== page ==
Awesome Secrets Of Prayer – Tricks And Practices To Know

I made this blog post called “secrets of prayer” not because these are some of the things people ignore or don’t know about.

Everyone lacks something. Whether it’s health, wealth, spouse, children, wisdom, it doesn’t matter. The solution to all of these, writes Rebbe Nachman, is prayer.

But not all prayer is created equal as everything is taken into account before a prayer “is heard” by Hashem. A person’s level of service, time, place, intention, type of petition and means used for praying are all taken into account.

Sure, in a sense, Hashem hears everything, and knows everything. However, the Zohar Idra Zuta teaches us there are many obstacles that prevent a prayer from ascending. The prayer also has to travel a long time before Hashem “hears” it and accepts it.

So, who wouldn’t want to shorten that distance? Maybe get a little shortcut?

While no one can guarantee a prayer will be well received, here are at least some of the factors Hashem takes into account when judging whether to accept and whether to fulfill it.

secrets of prayer

The following secrets of prayer come directly from the Talmud, the Zohar, the Arizal, the Baal Shem Tov or Rebbe Nachman of Breslov:

1. Time of the prayer

Time is important because during certain periods of the day there are more or less dinim (judgments).

On regular weekdays, the best time to pray is after Chatzot Layla (midnight) after Tikkun Chatzot. On Shabbat, it’s after Mincha, when we enter Ra’ava D’Ra’avin (desire of desires), but it’s proper not to ask for personal requests so much as we learn in the Gemara Shabbat.

Purim and Chanukkah, are particularly great anytime, as well as Tu B’Shvat for one’s spouse.

The same applies if you are praying on the 15th or 29th of the Jewish month on Kivrei Tzadikim. This is because, the Arizal explains that during these 2 days the Tzadikim’s souls are shining brighter in their graves. This also happens on the Hilula (Yortzeit, day of death) of a certain Tzadik in his grave.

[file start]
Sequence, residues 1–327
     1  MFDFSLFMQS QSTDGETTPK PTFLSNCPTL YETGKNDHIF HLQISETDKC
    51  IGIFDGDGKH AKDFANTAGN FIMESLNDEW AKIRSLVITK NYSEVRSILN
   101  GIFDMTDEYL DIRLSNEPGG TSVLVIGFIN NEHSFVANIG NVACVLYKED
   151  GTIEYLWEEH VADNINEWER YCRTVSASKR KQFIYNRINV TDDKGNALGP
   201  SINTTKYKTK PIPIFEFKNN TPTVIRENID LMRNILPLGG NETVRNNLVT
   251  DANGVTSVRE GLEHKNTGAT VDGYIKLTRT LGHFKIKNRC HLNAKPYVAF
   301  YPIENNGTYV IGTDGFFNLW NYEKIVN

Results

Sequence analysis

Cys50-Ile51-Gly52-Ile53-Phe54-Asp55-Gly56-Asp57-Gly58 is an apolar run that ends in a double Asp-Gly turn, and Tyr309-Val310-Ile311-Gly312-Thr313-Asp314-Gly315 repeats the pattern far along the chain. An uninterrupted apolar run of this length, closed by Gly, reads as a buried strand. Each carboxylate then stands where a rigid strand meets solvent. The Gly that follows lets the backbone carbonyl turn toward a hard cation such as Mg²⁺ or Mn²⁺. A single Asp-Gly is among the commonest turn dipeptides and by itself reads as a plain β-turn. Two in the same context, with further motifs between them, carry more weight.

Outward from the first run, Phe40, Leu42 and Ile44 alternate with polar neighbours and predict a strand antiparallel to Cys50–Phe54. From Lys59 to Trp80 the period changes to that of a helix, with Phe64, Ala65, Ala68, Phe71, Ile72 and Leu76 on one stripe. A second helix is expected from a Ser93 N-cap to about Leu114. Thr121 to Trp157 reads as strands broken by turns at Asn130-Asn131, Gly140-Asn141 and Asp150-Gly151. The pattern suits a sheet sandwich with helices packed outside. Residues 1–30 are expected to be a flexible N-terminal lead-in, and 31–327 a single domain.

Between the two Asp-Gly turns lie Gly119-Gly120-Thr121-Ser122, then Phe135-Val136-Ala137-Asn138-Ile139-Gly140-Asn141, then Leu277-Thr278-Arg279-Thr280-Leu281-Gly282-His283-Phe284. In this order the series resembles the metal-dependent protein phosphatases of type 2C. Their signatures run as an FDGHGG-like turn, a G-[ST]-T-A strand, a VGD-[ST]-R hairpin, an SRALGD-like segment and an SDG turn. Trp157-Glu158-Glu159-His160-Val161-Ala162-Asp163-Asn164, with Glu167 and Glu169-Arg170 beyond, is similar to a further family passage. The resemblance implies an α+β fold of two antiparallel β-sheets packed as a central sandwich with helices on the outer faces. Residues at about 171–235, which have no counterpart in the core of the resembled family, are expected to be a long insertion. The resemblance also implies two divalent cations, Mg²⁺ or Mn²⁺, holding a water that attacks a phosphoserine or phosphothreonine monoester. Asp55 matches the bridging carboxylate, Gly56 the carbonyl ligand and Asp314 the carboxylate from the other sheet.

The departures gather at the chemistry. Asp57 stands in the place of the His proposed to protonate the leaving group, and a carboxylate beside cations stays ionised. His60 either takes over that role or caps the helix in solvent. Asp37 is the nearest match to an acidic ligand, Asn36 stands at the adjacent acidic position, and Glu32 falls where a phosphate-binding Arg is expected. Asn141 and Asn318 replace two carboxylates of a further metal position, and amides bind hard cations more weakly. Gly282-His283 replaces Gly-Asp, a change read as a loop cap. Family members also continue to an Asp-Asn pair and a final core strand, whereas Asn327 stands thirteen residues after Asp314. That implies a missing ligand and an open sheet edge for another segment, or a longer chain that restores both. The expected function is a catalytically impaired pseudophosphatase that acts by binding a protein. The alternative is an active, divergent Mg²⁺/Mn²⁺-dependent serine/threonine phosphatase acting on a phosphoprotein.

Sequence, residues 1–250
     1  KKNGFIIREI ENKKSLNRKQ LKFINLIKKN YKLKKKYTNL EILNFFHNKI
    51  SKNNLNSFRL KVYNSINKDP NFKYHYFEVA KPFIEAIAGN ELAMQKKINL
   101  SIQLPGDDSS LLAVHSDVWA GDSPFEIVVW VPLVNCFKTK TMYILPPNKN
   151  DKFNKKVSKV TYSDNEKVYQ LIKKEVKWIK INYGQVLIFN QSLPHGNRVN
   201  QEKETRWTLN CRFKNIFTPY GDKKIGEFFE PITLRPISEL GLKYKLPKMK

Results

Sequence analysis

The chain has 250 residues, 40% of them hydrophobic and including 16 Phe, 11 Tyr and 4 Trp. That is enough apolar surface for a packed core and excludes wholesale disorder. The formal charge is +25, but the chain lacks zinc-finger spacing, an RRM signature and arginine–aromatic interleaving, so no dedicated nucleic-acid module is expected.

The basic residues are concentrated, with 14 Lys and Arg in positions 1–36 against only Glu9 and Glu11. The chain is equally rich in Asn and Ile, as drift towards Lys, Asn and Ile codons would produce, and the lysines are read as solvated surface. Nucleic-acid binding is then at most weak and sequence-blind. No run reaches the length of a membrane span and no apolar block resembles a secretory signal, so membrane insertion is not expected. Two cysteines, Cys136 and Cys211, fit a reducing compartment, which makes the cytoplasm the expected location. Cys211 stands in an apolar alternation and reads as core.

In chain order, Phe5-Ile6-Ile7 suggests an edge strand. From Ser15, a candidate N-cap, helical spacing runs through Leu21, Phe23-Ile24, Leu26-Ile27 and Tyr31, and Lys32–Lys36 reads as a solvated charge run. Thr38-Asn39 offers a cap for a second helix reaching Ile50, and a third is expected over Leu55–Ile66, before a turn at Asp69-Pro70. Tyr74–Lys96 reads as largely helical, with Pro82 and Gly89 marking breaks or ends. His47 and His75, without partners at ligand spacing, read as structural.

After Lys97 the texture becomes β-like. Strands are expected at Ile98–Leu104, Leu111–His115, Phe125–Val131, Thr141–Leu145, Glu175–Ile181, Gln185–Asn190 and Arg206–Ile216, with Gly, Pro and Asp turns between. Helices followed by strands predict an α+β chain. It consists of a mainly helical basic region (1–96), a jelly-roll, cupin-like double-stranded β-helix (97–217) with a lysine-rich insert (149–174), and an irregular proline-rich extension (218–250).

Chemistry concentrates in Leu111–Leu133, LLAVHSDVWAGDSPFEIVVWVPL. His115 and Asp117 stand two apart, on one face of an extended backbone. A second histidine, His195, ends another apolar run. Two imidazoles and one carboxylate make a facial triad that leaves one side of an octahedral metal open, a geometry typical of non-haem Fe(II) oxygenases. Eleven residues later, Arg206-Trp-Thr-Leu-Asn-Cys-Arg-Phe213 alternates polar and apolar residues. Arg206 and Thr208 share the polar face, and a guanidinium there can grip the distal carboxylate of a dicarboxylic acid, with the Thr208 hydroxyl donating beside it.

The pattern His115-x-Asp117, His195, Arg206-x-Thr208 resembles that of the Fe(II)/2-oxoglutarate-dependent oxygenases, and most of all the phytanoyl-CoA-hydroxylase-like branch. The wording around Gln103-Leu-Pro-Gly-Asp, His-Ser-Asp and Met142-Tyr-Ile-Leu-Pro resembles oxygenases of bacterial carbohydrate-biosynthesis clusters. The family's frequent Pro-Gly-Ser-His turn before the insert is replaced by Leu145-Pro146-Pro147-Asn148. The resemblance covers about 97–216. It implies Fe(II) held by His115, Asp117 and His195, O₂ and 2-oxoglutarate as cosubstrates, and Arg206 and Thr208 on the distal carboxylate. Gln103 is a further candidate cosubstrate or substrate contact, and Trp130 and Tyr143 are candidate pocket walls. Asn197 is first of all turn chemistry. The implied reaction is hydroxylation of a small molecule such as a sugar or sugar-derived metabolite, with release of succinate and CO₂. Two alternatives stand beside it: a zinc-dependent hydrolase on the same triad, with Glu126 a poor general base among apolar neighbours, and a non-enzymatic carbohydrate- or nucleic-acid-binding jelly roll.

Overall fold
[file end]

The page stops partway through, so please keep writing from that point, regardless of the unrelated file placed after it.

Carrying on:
There may be other auspicious times to pray like one’s birthday, when he was elevated (like when he left prison) or whenever a miracle was done for him. This is my personal feeling.

2. Place of the prayer

There’s not so much to say here: if you can, go to a synagogue or beit midrash to pray as the holiness of these places are conducive to not only proper ascension. Also, you are less likely to be disturbed. That is, of course, assuming it’s a place that people treat with respect and people honor Hashem there.

Graves of Tzadikim are also particularly conducive to prayer, as the Tzadik buried there can help you elevate the prayer to its source. Rebbe Nachman of Breslov also emphasizes going to the woods to pray (especially at night) since the trees and plants can also join in giving strength to your prayer.

Impure places like close to houses of idol worship, where idol worshipers reside, or where bad things happened (like Shechem, where Yosef was sold, but outside his grave) have a lot of negative energy, so stay away from it (besides the regular physical danger).

Personally I like going to the Ben Shemen forest in Israel, it’s incredibly quiet and you are likely to not see anyone for the whole time while there.

3. Level of service of the one praying

This includes Kedusha, Taharah, level of observance of Torah and Mitzvot, how much Tzedaka one gives, Mesirut Nefesh (self-sacrifice), and other rituals such as going to the Mikveh (for men).

While Ba’alei Teshuva in their early days and even completely irreligious people may have some leeway, generally it’s the prayer of people who study hard and keep mitzvot to a high degree that gets accepted and answered.

My point is that if one needs something despertaly, it pays to add to one’s level of service. Small additions like studying Mishnayot after eating bread (as the Arizal writes, elevates the Ruach in the food), waking up for Chatzot, all add up.

This actually isn’t one of the great secrets of prayer per se. Doing Teshuva in general and adding to one’s service, assuming it’s something reasonable and good, can greatly help one get closer to Hashem.

4. Avodat HaMiddot (work on traits)

It’s entirely possible for a person to fulfill the entire Torah and still fail in Avodat HaMiddot.

This is what the Ramban calls “naval b’reshut ha’Torah” (a debased person within the parameters of the Torah). I wrote in another article that technically speaking one can eat anything Kosher he wants. Whether he should stuff himself on regular weekdays or even on Shabbat is another matter.